Overview of Ringstead

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Overview of Ringstead

Ringstead, on the coast of Dorset, England, provides excellent cliff soaring conditions for hang gliders (in strong winds) and paragliders (lighter winds). However, it is potentially dangerous and you need to become familiar with the club site guide and associated rules before flying there.

Therefore, although this page contains some flying information, it should not be used as a flying site guide, but more as a sight-seeing guide.

It contains photos I took on the ground and in the air specifically for this page and some additional flying photos that already appear on other pages.

View from the top

Hang glider in-flight photo

Top landing approach in 2015

This view takes in the take off hill (some distance inland from the cliff, which is out of view) and the public parking area with the top landing field (nearest the camera) separated from the car park by a hedge.

The notice in the following close-up is visible at lower left in the top landing approach photo.

Ringstead notice board by the track on the hill top

Notice board by the track on the hill top in 2017

From the public car park at the top of the hill you can hike downhill along a partly forested trail to the beach or you can go straight ahead to the cliff top.

Looking south-east at Ringstead in 2017

Looking south-east in 2017

The building on the right in the middle distance is the farm house surrounded by a rectangular hedge at upper right in the following photo.

Hang glider in-flight photo

Flying at Ringstead in 2015

The wooden building at left in the following photo is the one with the grey roof by my right elbow in the aerial view.

Wooden buildings, trees, and cliffs at Ringstead, Dorset, England in 2017

Wooden buildings, trees, and cliffs in 2017

The navy helicopter base on Portland island, visible some miles off shore, was closed some years ago, but ships and boats of all kinds – sometimes including warships – can often be seen in the bay.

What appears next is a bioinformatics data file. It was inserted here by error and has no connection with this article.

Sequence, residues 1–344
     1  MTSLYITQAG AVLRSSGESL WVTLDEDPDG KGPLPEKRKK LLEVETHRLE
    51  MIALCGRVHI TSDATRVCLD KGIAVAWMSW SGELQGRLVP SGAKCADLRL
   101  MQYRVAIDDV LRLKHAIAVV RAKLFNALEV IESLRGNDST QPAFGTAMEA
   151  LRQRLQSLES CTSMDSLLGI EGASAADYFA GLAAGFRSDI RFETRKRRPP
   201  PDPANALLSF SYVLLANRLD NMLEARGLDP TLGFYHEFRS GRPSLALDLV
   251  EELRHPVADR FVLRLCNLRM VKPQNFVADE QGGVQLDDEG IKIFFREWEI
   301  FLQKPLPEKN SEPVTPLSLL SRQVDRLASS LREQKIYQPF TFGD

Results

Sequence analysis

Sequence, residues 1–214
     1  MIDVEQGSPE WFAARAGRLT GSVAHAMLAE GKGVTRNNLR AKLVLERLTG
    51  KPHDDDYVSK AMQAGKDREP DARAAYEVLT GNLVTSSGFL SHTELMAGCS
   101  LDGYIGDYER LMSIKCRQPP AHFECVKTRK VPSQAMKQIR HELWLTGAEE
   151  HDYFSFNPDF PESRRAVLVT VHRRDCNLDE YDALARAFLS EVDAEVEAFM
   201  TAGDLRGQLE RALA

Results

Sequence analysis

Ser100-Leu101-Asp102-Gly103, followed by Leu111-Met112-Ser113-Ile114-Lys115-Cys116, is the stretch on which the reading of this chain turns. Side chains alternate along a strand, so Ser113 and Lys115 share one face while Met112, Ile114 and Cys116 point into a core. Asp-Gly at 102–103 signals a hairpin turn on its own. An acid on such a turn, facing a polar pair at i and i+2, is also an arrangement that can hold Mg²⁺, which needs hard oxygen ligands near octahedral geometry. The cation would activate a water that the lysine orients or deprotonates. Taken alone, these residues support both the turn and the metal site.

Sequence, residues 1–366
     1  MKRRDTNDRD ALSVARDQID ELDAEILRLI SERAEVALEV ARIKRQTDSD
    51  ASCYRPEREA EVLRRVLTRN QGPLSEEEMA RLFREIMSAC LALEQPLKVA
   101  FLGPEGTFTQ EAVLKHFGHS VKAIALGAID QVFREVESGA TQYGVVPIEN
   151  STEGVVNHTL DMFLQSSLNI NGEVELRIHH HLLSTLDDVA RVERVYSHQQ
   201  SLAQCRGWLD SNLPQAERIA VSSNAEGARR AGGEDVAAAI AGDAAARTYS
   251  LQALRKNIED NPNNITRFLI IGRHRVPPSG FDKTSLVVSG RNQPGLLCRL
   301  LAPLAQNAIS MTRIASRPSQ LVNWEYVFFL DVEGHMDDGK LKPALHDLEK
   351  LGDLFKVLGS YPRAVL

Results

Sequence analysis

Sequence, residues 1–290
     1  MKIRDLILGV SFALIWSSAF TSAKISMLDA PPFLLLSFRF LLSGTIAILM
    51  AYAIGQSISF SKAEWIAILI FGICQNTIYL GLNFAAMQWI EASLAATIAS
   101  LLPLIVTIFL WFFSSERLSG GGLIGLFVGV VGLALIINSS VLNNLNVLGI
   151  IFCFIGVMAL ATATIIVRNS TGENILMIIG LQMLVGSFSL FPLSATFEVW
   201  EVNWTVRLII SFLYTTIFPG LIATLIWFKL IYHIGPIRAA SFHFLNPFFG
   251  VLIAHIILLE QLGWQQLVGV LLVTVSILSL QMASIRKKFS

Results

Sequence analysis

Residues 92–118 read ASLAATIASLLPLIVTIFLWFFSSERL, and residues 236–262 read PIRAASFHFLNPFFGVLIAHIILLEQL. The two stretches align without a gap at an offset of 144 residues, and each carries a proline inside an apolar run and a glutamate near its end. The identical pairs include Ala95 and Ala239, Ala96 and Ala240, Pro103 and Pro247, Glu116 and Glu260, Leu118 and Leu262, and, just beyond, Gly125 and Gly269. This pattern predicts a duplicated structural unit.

Sailing ship in Ringstead bay

Ship in the bay in May, 2017

The path to the beach is steep enough in places to have wooden steps added. In winter it tends to be slippery with mud.

Wooden bridge on the track from the hill to the beach at Ringstead

One of several wooden bridges on the track from the hill to the beach

This trail is great for your impromptu Vietnam War re-enacting.

Ringstead cliffs seen from ground level

Ringstead cliffs seen from ground level

The public path along the top of the cliff gets too close to the edge for comfort, in my opinion.

SkyWings, July 2015 cover photo

View along the cliff in 2015

When the wind takes on a more southerly direction, you can fly to Lulworth Cove and beyond. However, emergency landing options are either limited or nonexistent for much of the route.

RAF Ringstead

The emergency bottom landing field is – or was in World War 2 – RAF Ringstead; a radar site.

RAF Ringstead radar bunker

Looking north past the radar bunker entrance in 2017

The radar room is locked, but a sign near the entrance includes a diagram and some explanation. In this photo, vehicles parked on the hill top, from where we launch, are visible in the distance.

Close-up of the Ringstead radar room notice in 2017

Close-up of the radar room notice in 2017

After photographing the radar bunker and its notice, I turned to face north-west along the field and took the following photo of the hang glider emergency bottom landing field:

Ringstead emergency bottom landing field in 2017

Ringstead emergency bottom landing field in 2017

The field slopes slightly away from you – you always land in the direction the camera is looking – but I never heard of anyone running out of room. Here are some photos of an approach and landing after I failed to obtain enough height to safely test the lift at the cliffs without risking a beach landing, which you must avoid if possible.

Hang glider on landing approach at Ringstead

“Ringstead approach control, request a ‘straight in’ on runway four-five.”

The WAAF in the bunker, a clone of Susannah York in the 1968 film The Battle of Britain, cleared me for the requested landing. Or so I imagined…

Hang glider on landing approach at Ringstead

Unzipping the harness

If you are unfamiliar with hang gliding equipment, even with the harness unzipped (by pulling a chord) I am held in securely with leg loops and a chest strap all with strong buckles.

Hang glider rounding out at RAF Ringstead in 2017

Rounding out at RAF Ringstead in 2017

I landed where the darker grass clumps can be discerned in the photo taken from my ground camera. (About where I placed my copyright notice.) They are less than a third the way along the field.

There is no parking anywhere near this field, incidentally. Landing here involves a great deal of hang glider carrying as well as possibly a £5 fee for using the car park near the caravan village.

Related (internal links)

Hang gliding

Hang gliding 2016 part 3 (Dukes of hazard)

Unexplained lift at Ringstead, August 8th, 2013